In the final chapter of The Stone Sky, Hoa tells a story. Intrigued? Then it’s time for Mark to finish The Broken Earth.
Trigger Warning: For discussion of slavery, grief, and death
I’m not ashamed of how emotional things make me anymore. And really, after the experience of reading that one chapter of The Shepherd’s Crown earlier this year, I feel like I could do ANYTHING. I’m happy that I don’t feel shame about being an emotional person! Given my upbringing? It feels like the greatest gift of all. I’m free of that.
So there’s nothing that makes me hesitate to tell y’all that this just fucked me up. It’s a beautiful, fitting ending to this trilogy, and it also struck a sad nerve in me.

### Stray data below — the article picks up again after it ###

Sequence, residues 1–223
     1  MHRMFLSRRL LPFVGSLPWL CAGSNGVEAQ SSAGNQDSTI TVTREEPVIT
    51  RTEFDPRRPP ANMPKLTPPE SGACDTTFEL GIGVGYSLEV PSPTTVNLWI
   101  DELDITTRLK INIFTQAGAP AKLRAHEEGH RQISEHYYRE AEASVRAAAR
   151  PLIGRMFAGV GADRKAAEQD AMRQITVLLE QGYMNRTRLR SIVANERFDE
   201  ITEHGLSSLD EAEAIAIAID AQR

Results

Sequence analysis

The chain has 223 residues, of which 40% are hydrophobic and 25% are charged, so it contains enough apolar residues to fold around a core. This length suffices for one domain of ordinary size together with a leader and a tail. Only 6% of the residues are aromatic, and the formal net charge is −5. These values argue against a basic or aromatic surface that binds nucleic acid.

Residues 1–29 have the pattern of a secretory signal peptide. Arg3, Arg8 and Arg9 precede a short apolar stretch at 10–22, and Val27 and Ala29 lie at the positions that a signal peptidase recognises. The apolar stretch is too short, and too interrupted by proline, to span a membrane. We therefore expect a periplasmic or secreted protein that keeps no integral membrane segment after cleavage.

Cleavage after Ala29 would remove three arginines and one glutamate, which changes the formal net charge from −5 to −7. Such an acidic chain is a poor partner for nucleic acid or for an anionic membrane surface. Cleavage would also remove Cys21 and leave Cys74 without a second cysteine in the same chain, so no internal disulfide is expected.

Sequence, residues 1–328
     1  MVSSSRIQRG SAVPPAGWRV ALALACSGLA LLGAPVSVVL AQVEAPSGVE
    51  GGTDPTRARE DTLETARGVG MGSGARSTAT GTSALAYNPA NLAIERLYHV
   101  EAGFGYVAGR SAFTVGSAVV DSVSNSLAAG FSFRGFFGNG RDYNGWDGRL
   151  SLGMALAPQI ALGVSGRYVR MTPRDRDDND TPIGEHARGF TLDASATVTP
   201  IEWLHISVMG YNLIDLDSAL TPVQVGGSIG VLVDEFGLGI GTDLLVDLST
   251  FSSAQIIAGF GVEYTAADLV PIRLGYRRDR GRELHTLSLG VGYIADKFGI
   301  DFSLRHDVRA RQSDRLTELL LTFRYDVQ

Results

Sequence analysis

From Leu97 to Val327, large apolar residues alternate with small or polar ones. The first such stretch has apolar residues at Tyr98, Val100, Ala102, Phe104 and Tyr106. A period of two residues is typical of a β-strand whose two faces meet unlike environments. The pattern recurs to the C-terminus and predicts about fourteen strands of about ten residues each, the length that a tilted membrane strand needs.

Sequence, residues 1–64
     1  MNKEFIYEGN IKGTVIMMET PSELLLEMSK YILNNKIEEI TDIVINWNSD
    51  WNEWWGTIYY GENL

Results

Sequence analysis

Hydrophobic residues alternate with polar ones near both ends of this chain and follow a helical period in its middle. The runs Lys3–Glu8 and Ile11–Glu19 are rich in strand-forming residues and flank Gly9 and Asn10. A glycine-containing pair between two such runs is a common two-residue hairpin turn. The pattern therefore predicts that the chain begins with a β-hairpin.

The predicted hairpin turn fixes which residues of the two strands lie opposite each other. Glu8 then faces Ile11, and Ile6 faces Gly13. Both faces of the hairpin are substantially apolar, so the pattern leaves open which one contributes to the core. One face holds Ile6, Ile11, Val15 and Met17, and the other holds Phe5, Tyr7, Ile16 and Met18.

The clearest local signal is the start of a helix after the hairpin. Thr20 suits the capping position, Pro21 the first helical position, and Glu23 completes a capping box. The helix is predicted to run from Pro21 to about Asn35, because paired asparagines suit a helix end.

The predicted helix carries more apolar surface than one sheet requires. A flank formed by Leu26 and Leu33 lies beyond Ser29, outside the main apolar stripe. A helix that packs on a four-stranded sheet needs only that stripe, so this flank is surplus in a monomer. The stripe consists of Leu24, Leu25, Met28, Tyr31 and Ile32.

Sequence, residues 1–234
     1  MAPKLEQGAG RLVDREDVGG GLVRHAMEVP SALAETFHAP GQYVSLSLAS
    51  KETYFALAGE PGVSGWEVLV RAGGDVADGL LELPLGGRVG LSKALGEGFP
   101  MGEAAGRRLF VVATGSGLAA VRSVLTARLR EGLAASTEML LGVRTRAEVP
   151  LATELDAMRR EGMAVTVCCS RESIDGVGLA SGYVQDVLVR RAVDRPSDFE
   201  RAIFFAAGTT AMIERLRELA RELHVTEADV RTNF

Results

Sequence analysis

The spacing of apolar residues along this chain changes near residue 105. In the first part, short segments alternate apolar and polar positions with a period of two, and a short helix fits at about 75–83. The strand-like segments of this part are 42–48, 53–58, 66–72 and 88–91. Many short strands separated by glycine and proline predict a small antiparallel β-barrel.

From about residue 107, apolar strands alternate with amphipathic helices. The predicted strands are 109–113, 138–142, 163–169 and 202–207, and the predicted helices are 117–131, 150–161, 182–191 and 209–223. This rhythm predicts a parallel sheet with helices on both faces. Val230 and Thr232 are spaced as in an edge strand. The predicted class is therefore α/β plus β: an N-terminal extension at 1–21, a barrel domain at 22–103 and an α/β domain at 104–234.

I’ll explain why, but first, I want to talk about the meaning of the first half of the coda. As I had said in recent reviews, Essun’s solution to the Seasons and to the terrible war unfolding between humans, stone eaters, and Earth was to offer recompense and healing to Earth. By returning the Moon, even if the immediate, ongoing Season got worse, ideally, they could begin repairing the Stillness. But this still required work. It was not a fix-everything-at-once solution. No, it was just the beginning. I think that is a vital point to make in a series about a world so broken that some people truly believe that the best option is to throw it all away. Understandably believe, I should say! Because at no point did I not get why some factions wanted destruction. I understood Nassun; I also understood Steel.